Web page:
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OSAT - Manufacturing Systems Group December 2003



A Comparison of CMM vs. CogniTens Optigo 3D Non-Contact System

UMTRI Technical Report: UMTRI-2003-43

Patrick C. Hammett, Ph.D., Kenneth D. Frescoln and Luis Garcia-Guzman, Ph.D.

Office for the Study of Automotive Transportation (OSAT) University of Michigan Transportation Research Institute (UMTRI) The University of Michigan 2901 Baxter Road Ann Arbor, Michigan 48109-2150 December 5,2003 December, 2003 OSAT - Manufacturing Systems Group Technical Report Documentation Page

1. Report No. 2. Government Accession No. 3. Recipient's Catalog No.

UMTRI-2003 -43

5. Report Date

4. Title and Subtitle Changing Automotive Body Measurement System Paradigms with December 2003 3D Nan-Contact Measurement Systems 6. Performing Organization Code

8. Performing Organization Report No.

7. Authorjs) UMTRI-2003-43 Hammett, P.C., Frescoln, K.D., and Garcia-Guzman, L.

9. Performing Organization Name and Address 10. Work Unit no. (TRAIS) The University of Michigan Transportation Research Institute

11. Contract or Grant No.

2901 Baxter Road NO02690 Ann Arbor, Michigan 48 109-2150 U.S.A.

12. Sponsoring Agency Name and Address 13. Type of Report and Period Covered General Motors - NAO Small Car 1420 Stephenson Hwy. 14. Sponsoring Agency Code P.O. Box 7025 MC: 480-991-320 Troy, MI 48083

15. Supplementary Notes

16. Abstract This report assesses the measurement system capability of the 3D non-contact measurement system Optigo 200, produced by CogniTens Ltd. The Optigo 200 is portable, manually operated, and uses CCD cameras to create 3D past f

–  –  –

4. Measurement System Analysis Case Studies

4.1 Mapping Process Measurement Error and Static Repeatability

4.2 Gage Repeatability and Reproducibility Analysis

4.3 Optigo Vs. CMM: Feature Correlation and Accuracy

–  –  –

Executive Summary The purpose of this report is to assess the measurement system capability of a 3D noncontact measurement system. Three-dimensional non-contact systems generate thousands of measurements or a cloud of points. For complex-shaped parts, point cloud data provides a means to fully characterize a part shape, as opposed to only measuring at discrete point locations. A main driver for 3D non-contact measurement point cloud data is that it provides an enhanced problem solving diagnostic capability for lower total measurement system costs.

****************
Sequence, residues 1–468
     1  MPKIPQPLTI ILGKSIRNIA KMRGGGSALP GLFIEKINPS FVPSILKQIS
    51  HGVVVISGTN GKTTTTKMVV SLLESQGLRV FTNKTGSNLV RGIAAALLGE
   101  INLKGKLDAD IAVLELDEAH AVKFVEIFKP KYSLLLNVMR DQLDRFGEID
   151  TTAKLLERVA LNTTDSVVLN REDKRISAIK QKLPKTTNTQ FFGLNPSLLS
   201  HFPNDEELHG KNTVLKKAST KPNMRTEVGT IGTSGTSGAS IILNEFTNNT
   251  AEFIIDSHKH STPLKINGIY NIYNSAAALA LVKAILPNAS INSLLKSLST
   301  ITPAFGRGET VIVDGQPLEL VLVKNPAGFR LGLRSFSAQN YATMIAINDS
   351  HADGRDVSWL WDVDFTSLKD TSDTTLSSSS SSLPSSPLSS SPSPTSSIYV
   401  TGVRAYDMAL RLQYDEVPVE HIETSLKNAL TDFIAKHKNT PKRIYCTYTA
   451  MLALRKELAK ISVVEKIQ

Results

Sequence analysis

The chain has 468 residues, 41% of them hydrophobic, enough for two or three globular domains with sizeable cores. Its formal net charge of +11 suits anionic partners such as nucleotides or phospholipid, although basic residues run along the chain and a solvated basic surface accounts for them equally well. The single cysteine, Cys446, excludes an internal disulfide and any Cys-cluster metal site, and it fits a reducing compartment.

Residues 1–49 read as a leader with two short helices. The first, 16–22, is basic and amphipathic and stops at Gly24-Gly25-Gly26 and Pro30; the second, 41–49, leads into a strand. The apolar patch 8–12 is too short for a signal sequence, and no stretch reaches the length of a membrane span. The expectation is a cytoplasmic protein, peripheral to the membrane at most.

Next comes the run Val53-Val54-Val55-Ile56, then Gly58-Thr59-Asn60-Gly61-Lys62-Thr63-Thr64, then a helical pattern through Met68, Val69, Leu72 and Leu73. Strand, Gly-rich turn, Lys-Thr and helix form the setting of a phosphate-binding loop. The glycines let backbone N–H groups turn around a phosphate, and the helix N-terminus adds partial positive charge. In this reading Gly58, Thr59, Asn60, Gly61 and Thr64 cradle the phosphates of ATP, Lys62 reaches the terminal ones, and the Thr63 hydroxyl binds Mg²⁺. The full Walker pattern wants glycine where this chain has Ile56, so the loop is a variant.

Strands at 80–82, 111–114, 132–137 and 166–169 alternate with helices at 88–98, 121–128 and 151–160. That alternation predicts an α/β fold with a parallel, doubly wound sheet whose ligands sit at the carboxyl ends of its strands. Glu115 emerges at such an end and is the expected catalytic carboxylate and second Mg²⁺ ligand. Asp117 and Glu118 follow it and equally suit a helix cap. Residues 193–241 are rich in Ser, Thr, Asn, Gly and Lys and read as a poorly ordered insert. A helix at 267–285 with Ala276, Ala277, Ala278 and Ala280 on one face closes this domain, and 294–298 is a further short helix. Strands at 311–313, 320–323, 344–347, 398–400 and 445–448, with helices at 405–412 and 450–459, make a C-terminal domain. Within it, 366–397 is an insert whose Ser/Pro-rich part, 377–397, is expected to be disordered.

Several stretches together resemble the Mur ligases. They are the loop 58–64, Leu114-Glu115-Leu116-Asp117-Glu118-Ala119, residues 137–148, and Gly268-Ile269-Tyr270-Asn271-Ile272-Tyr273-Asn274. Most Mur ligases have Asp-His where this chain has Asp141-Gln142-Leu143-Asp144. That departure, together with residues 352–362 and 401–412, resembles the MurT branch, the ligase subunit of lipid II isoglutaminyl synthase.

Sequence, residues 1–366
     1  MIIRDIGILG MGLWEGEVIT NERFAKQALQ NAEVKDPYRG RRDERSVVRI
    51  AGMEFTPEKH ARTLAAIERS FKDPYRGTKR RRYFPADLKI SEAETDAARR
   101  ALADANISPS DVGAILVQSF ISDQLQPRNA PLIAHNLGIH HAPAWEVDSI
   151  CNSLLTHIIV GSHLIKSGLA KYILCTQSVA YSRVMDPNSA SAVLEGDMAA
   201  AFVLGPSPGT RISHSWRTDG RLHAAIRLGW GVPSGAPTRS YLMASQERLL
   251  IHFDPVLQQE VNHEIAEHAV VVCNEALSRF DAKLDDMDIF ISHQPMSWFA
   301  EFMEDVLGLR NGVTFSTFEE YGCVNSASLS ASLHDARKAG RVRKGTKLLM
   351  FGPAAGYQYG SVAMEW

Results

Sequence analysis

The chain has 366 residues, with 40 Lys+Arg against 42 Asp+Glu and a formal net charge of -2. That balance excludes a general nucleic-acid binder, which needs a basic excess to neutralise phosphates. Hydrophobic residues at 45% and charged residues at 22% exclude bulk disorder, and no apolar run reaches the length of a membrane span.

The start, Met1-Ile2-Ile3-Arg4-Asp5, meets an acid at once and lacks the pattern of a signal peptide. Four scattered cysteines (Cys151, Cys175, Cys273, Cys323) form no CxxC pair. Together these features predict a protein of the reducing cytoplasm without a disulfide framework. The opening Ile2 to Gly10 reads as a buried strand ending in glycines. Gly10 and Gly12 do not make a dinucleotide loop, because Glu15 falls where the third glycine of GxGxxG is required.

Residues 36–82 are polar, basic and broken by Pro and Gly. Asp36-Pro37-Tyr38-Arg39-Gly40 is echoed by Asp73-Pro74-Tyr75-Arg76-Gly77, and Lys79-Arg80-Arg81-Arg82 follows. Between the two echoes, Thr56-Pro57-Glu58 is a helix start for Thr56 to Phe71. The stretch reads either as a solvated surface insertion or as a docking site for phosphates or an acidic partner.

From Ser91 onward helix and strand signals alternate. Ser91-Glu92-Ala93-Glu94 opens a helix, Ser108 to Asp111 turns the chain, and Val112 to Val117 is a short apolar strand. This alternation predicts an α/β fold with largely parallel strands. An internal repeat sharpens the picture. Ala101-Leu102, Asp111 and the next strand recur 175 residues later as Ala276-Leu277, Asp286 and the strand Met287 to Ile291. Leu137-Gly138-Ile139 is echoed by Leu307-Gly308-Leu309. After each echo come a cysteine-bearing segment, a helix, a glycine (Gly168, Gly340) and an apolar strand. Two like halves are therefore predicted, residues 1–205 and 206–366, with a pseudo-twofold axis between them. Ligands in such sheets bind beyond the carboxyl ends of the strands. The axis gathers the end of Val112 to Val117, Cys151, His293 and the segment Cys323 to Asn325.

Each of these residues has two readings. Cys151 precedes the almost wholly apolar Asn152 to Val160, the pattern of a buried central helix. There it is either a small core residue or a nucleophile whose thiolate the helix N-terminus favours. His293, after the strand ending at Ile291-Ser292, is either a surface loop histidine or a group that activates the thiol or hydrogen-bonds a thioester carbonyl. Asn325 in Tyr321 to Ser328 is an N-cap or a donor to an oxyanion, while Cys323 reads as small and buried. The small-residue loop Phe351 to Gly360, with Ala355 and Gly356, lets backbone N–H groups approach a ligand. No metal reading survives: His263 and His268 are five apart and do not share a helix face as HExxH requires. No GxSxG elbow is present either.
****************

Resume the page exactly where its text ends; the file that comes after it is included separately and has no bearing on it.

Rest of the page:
The non-contact system used for this study is the Optigo 200 produced by CogniTens, Ltd. This system is a portable, manually operated non-contact measurement system that uses CCD cameras to create 3D part feature representations that may be compared to part design nominal conditions. To evaluate the effectiveness of this system, Optigo 200 measurement readings were compared to measurements of the same panels using Coordinate Measuring Machine (CMM) systems.

This report examines several potential sources of measurement system variation including repeatability (both static and dynamic), reproducibility, and accuracy. Accuracy measurements are based on comparing Optigo 200 data to CMM measurements for identical automotive stamped parts. The parts used in the case study include a rear compartment side rail, a structural reinforcement, and a hood inner panel. Using these panels, various part features are analyzed including surface points, trim edge points, and hole positions.

The results of these studies suggest that the Optigo 200 is capable of meeting typical industry Gage R&R standards, measured by comparing measurement system capability relative either to historical part variation values or to typical tolerance widths. Overall, the results of the case studies indicate that the average Gage R&R for the Optigo system, in terms of 5.150RaR,is 0.20 (or k 0.12 in terms of k 3sigma metric). This is slightly higher than the results involving the same parts using the CMM. The CMM average Gage R&R, in terms of 5.150RkR, 0.13 (or was k 0.08 in terms of k 3sigma). Still, these data suggest that the Optigo 200 is capable of measuring parts with tolerances of approximately h 0.4 or higher. (Note: Typical surface and trim edge tolerances for sheet metal parts are h 0.5 mm or higher.) More importantly, a correlation and mean bias study between the Optigo 200 system and the CMM suggest a very strong correlation with only a small magnitude difference between OSAT - Manufacturing Systems Group December, 2003 systems. In general, the Optigo system measured within 0.1 mm of CMM measurements at common discrete point locations. This finding demonstrates that the Optigo 200 3D non-contact system may replicate the CMM system.